Spiders all have 8 legs, which keeps these separate from all other indoor pests.
Customers usually notice an abundance of spiders in early spring around the outside of their structures in and around flowerbeds, shrubbery, mulch, soffet areas, brick, or vinyl siding. They can like cool damp areas such as basements or crawlspaces, as well as warm dry areas, such as air vents, and upper corners of rooms.
There are two types of poisonous spiders in the state of Kentucky:
The female is well known due to their shiny black abdomen with two red triangles also known as an hourglass shape on her underside. Their thick mass of web makes it easy to wait on and capture her prey. These webs are often found under boards, along foundation walls, around and behind shrubbery and where brick or wood siding extends close to the ground. A black widow spider bite feels like a sharp needle point puncture to the skin. The toxins from the black widow spider bite effects the nervous system. These toxins can be deadly. Immediate medical attention should be received upon being bit by a black widow.
The brown recluse spider is tannish to brown in color. It's back has a dark fiddle-shaped marking that begins at the eyes and runs down it's neck, with the fat end of the fiddle beginning behind the eyes. This spider got it's name due to it's reclusive tendencies. It does not like to be out in the open around activity. It is an extremely good hiding spider. They like to stay in dark, secluded areas such as corners of closets, inside of shoes, behind baseboards, crawlspaces, garages, and basements. Unlike a black widow spider bite, the initial bite is not as intense. Within 8 to 12 hours of the initial bite, the pain can become quite intense. Immediate medical attention should be received upon being bit by a brown recluse.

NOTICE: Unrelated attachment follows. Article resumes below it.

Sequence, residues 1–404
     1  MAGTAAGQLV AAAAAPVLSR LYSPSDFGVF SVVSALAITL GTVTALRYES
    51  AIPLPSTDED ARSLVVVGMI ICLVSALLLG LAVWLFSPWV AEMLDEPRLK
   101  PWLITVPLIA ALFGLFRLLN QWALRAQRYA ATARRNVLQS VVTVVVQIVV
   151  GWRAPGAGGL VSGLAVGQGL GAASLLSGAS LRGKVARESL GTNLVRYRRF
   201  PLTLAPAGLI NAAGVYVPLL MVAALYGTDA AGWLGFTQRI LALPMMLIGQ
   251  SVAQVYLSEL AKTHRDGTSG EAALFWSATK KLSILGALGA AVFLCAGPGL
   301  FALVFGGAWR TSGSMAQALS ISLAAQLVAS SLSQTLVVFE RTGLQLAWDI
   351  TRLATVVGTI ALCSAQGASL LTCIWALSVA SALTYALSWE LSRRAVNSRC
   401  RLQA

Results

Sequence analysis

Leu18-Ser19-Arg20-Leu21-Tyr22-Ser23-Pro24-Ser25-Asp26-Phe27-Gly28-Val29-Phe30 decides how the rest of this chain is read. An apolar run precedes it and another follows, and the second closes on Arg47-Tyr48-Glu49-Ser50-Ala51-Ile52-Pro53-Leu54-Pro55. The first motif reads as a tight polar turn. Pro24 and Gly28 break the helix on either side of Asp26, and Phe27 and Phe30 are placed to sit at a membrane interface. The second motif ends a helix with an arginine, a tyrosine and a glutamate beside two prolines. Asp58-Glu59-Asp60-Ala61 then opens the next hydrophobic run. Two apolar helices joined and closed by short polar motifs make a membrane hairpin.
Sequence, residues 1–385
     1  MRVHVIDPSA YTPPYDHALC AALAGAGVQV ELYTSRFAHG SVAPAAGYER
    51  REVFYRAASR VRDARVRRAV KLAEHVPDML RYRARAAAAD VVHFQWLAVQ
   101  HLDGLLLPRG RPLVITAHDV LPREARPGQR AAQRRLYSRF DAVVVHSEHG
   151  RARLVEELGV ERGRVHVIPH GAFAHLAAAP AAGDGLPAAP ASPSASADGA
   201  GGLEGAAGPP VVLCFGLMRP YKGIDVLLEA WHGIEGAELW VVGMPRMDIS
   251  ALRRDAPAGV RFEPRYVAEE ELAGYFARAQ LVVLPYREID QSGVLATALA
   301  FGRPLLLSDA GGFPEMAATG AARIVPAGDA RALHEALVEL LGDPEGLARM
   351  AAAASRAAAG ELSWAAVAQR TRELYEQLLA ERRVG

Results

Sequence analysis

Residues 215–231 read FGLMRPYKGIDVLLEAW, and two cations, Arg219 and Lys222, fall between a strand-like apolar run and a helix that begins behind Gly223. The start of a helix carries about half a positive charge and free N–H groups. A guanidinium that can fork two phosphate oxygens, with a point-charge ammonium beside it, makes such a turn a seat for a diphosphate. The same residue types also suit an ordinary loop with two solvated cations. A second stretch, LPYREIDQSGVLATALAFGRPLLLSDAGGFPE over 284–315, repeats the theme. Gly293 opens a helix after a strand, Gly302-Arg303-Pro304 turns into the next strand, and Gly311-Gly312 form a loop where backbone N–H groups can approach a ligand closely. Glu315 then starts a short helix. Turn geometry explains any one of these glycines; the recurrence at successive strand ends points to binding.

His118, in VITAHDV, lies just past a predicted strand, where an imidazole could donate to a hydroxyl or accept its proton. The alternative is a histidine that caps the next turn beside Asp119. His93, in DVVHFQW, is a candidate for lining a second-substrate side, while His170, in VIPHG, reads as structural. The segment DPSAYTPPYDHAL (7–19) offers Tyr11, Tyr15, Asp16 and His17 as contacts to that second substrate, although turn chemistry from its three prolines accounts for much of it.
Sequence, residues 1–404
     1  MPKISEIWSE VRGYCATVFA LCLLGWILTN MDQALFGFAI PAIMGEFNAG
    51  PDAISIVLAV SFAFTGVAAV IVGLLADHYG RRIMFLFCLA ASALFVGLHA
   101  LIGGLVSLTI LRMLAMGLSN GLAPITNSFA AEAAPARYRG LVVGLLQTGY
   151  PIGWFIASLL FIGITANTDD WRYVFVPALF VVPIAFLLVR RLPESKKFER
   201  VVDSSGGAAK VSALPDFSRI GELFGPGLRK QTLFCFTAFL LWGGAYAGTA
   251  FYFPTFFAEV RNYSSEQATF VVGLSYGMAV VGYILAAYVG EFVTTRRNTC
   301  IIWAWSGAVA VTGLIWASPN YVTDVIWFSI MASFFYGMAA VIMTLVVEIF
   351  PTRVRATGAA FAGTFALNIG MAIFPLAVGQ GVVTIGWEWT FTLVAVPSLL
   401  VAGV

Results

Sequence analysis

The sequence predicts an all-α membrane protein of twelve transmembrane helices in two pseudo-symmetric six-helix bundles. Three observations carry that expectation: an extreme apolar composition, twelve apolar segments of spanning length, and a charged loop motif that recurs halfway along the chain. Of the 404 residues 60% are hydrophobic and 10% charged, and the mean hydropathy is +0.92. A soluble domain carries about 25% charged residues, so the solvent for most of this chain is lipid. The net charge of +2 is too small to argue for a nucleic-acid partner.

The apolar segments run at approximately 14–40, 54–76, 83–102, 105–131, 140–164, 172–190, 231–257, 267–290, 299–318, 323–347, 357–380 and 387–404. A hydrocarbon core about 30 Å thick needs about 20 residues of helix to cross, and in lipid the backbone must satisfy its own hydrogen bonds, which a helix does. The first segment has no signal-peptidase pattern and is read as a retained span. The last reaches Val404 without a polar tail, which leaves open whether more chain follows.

These greyish white insects have a forked appendage attached to their lower back that causes them to jump when it's moved quickly. This causes them to jump or flip in the air. Sometimes mistaken for fleas, however, they are not blood feeders. These insects are commonly found outdoors in moist areas. Indoors, they can be seen in the soil of potted plants, in bathrooms, around drains, in basements, on damp walls. They do not do damage but are often considered a nuisance due to the large numbers present when noticed.